7 Mental Models from Charlie Munger for Dating and Relationships

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Whatever you want, try to think of the exact opposite of what that thing is, and then list out things that might help you get that inverted goal. For example, if your goal is to find an attractive, smart, faithful significant other, the inversion of that, or the opposite, would be to find an ugly, dumb, cheater.

a billionaires mental models

To get to your main goal, you simply need to avoid all the places that have all these ugly, dumb cheaters. But, before we continue, you might be wondering who the billionaire is that I mentioned. 

Charlie Munger recently died at the old age of 99. He was a billionaire, his business partner was the famous Warren Buffett, and Charlie was known for the unique way that he thought about and approached business decisions. Fortunately for us, the psychological principles that he used to approach business decisions seem to be universal, and are also applicable to the world of dating and social relationships.

1) Inversion

The first mental model I already covered was the Inversion Rule. Simply put, if you want to find a faithful partner, it may not be useful to secretly start your relationship with someone while they’re still in another one.

If you want to find someone attractive, it may not be useful to search in the hoho aisle at your grocery store, and if you want someone smart, you might avoid superficial social settings like nightclubs, bars, or boring unstimulating environments. 

2) Swiss army knife

The next mental model that Charlie often implemented is what he called the “Swiss Army Knife Mentality”. Essentially, this means being flexible with your thinking. The psychological terminology of this is to avoid “functional fixedness”.

Functional fixedness means your brain has an idea of what something is for, and only uses it for that function. For example, many people think a hammer’s only purpose is to hit a nail, but it can also be used to take out a nail, to tenderize meat, or as a paper weight.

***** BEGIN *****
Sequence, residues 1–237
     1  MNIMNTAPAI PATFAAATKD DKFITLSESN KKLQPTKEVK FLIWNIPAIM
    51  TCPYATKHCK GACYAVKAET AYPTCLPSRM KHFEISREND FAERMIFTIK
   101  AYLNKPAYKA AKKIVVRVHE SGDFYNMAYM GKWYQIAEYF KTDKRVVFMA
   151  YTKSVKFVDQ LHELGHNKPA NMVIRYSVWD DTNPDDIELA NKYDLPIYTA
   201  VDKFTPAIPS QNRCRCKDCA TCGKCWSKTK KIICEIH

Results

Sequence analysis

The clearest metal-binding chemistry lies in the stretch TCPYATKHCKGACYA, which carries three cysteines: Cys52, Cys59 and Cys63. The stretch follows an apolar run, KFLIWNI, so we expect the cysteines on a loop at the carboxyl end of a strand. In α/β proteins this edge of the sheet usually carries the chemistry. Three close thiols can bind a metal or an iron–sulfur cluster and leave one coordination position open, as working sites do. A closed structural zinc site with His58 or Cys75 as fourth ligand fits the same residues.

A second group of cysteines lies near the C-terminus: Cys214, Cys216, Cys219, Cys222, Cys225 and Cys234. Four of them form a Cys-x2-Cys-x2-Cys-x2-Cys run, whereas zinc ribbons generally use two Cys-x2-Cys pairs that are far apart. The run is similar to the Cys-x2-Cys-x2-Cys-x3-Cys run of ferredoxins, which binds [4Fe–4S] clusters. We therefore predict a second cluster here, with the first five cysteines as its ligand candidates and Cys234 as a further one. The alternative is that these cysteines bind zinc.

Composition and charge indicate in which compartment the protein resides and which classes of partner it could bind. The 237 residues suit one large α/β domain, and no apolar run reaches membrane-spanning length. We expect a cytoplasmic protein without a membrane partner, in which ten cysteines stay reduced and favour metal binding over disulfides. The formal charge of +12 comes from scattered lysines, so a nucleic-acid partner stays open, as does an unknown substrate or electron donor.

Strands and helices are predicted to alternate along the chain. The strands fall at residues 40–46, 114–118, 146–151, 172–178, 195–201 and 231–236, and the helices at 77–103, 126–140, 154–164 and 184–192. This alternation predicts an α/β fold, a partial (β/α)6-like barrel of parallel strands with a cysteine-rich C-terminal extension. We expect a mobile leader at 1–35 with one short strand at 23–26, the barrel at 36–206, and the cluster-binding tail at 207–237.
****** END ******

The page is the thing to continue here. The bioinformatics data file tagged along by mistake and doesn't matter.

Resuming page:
In your search for romance, look for it everywhere, not just on dating apps. Most often, people who get married are introduced to each other through work, the gym, friends of friends, or being childhood friends - not through dating apps.

Although, on the other hand, most people who have multiple sexual encounters or one-night stands meet each other through dating apps or bars. Don’t think the only way to find a smart, attractive, faithful mate is through an app. 

3) Long Term Thinking

Mental Model 3 is to frame everything from a long term perspective. If your goal is to marry someone and live the rest of your life with them, you shouldn’t be acting as if you want a one night stand. I don’t really need to explain this one too much, but don’t take my brevity as unimportance. Long term thinking is very important. 

4) Aligning incentives

Mental Model 4 is quite a complex mental model, but the technical name is aligning incentives. This means your goals and your partner’s goals should be complementary. Meaning, if you want to find someone to eventually get married to, and have 3 kids and live around their parents in Kansas… you probably shouldn’t be dating someone who just wants to be friends with benefits, who never wants kids, and plans to live out in the mountains in Wyoming. 

When you find someone who has the same goals as you, your life will become much, much easier, because they will literally be there trying to help you with your goals, not against them.

One thing I’ll say here is that you can’t change someone, so if they want to have kids, and you don’t… there’s going to be friction forever because you either won’t be able to change their mind, or if you do, they’ll always feel as if you convinced or manipulated them into not wanting kids, if that makes sense. 

5) The importance of Compounding

If you don’t know what compounding is, it’s when you roll a small snowball down a hill, and all on it’s own, without any extra input from you, the snowball grows very, very quickly. This idea of compounding doesn’t just work for snowballs or your financial situation, it also works for relationships.